Lauren M. Pachman, MD. Translational Research: Immunobiology and Immunotherapy of Juvenile Dermatomyositis
Overview: The current focus of this research team is the pathophysiology of Juvenile Dermatomyositis (JDM) the most common of the pediatric inflammatory myopathies, in which small blood vessels are attacked by the immune system. Little is known about the environmental and genetic risk factors associated with the development of the classic clinical symptoms of rash and often profound weakness. There is less information about the physical outcome of this chronic and sometimes fatal illness—including one of the most troubling complications, pathological calcifications—which are a major contributor to morbidity. A specific goal of this laboratory is to identify the most effective route/dose of the most commonly used drug for JDM, prednisone, and to develop targeted, effective interventions. To accomplish these specific aims, the following resources have been amassed, after obtaining informed consent:
Regional: sequential protocol based clinical and diagnostic laboratory testing and family history of autoimmune disease from over 250 children with JDM or other inflammatory myopathies, spanning over 25 years.
National: Structured interview and limited laboratory data at diagnosis and three year follow-up from 323 children with JDM and their families
Specific Research Projects:
Laboratory data/resources: For the regional data base, the research laboratory has sequential samples of DNA, RNA, and peripheral blood mononuclear cells and their supernatant fluid, which are keyed to the child’s coded ID number.
- Characterization of the IFN-α/β induced response in children with JDM before and after therapy. The purpose of this study is to determine the association of MXA gene expression in peripheral blood with clinical evidence of disease activity and cytokine expression. (K. O’Connor, PhD et al.)
- Gene expression profiles in muscle biopsy material from untreated children with JDM compared with other inflammatory myopathies. The purpose of this study is to identify the impact of specific variables on gene expression profiles: gender, age, duration of untreated disease, the presence of calcifications, etc, as well as to identify functional gene clusters that may be associated with the evolving pathophysiology of the inflammatory response. (LM Pachman, K. O’Connor, Yi-Wen Chen—DC Children’s)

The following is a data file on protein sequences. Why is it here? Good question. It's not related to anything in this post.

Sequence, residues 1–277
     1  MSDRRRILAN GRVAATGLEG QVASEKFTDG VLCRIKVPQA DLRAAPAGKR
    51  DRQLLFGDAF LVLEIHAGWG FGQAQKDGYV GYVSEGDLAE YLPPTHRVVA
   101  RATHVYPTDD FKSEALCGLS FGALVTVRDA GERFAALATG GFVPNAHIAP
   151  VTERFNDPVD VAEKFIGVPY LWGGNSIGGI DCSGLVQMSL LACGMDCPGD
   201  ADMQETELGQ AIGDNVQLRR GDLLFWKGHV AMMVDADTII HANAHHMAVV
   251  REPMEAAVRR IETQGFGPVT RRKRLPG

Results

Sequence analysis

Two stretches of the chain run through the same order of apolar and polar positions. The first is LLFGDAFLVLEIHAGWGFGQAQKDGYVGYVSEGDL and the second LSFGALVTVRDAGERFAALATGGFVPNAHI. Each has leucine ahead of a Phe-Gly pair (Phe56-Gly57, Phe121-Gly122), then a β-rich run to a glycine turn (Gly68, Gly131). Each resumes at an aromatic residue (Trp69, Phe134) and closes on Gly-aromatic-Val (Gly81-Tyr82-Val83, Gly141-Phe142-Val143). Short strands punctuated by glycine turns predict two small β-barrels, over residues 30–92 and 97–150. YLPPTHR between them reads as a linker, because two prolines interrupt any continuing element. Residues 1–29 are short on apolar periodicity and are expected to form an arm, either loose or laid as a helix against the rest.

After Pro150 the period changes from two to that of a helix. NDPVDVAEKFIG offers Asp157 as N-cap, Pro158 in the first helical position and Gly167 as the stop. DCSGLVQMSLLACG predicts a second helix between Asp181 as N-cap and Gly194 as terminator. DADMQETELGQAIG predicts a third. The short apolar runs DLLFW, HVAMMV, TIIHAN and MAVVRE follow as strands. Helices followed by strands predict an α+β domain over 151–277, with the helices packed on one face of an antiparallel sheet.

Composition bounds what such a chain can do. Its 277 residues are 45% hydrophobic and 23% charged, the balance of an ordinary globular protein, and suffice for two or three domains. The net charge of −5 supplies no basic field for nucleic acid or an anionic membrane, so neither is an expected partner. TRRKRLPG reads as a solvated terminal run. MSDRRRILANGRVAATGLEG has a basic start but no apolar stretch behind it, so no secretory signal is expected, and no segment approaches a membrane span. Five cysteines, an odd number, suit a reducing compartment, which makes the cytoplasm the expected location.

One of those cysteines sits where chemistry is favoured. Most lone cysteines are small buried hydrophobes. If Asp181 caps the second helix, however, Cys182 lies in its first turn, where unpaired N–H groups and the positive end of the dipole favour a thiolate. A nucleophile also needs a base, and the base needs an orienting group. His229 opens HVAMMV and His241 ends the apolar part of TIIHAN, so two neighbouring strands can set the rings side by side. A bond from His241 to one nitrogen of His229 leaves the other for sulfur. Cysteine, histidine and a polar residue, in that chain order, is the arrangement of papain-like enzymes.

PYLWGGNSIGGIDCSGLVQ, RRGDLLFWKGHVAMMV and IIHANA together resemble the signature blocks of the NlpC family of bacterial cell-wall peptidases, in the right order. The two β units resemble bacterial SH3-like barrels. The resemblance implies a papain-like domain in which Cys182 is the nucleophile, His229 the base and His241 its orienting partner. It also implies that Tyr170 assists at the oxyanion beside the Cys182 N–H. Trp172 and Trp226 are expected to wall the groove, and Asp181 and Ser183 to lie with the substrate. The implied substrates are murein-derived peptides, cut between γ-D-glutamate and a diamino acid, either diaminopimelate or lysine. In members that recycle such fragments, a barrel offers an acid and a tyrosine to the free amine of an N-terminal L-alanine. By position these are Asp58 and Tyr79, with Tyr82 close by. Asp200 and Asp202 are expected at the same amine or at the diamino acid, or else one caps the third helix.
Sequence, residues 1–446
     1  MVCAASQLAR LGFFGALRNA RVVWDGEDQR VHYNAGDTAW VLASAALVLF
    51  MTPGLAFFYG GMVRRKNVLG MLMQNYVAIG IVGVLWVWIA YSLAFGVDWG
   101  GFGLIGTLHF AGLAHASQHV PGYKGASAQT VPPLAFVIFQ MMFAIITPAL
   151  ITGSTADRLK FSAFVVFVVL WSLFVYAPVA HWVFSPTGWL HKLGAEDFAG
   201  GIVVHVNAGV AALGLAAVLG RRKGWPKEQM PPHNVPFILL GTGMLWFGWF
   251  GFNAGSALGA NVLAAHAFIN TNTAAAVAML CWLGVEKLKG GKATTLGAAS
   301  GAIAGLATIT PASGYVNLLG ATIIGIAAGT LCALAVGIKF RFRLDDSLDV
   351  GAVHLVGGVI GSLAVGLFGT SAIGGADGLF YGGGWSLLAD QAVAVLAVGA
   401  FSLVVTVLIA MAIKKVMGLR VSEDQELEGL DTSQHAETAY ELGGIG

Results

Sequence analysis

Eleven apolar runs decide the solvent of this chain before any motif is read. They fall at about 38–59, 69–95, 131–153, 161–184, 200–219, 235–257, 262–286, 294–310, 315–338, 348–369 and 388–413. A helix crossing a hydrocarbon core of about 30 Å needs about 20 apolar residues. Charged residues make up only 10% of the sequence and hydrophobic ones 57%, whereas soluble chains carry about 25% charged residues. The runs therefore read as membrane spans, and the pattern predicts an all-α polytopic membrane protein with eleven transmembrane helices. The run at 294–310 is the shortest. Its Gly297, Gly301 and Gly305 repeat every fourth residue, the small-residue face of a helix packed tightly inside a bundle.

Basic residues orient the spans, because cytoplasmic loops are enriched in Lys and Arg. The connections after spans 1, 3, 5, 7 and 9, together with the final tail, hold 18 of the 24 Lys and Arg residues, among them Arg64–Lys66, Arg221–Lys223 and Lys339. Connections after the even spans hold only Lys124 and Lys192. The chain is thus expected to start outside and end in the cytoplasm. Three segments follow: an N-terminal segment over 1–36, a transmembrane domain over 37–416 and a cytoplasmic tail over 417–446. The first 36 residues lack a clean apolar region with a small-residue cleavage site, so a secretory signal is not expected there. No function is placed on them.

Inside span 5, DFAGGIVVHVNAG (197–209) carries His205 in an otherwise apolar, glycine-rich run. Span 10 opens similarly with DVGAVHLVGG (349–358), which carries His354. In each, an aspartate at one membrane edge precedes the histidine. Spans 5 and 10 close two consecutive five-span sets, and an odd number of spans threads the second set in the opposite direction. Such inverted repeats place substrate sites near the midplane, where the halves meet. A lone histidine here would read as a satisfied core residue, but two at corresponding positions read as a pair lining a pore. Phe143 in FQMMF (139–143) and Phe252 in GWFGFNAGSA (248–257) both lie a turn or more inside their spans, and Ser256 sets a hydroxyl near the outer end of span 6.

- Characterization of pathological calcifications in children with JDM: This study identifies non-collagenous bone matrix proteins in pathological calcifications as well as the physical structure as determined by micro CT and x-ray diffraction (laboratory of S. Stock, PhD, nanotechnology). The impact of the inflammatory response and changes in vascular function on the process of calcification will also be investigated. (C. Chuu, A. Veiss, S. Stock, L.M. Pachman).
- The Pharmacokinetics of Prednisolone in Children with JDM: The purpose of this study is to determine the impact of vasculitis on the bioavailability of prednisolone as measured over an 8 hour time course. (K. Rouster-Stevens, C. Chuu).
- Outcomes of JDM: This study will describe the association of family history of autoimmune disease as well as various genetic markers (e.g.TNFα-308 A allele, DQA1*0501) with the physical findings, evidence of immune activation (dysregulation of lymphocyte phenotypes) and quality of life at 36 months or more after diagnosis of JDM. One cohort of patients will have fasting bloods assessed for levels of glucose, insulin and lipids. (Epidemiology team).
The research team is composed of two interlocking arms, Epidemiology and Immunobiology.
Patricia Meledy-Ray, MPH, Data management
Roopa Seshadri, Ph.D, Biostatistics (CMH Health Research)
Xiao-bin Wang, MD, MPH, Genetic epidemiology (CMH Health Research)
M. Klein-Gitelman, MD, MPH, Health economics (Immunology/Rheumatology)
James Sinacore, PhD, Loyola University, Biostatistical analysis
Ajith M. Joseph, PhD
Sheela Shrestha, MS
Maria Amoruso, MS
Nicholas Geraci, MS
Gabrielle Morgan, MA
Annette Urganus, BS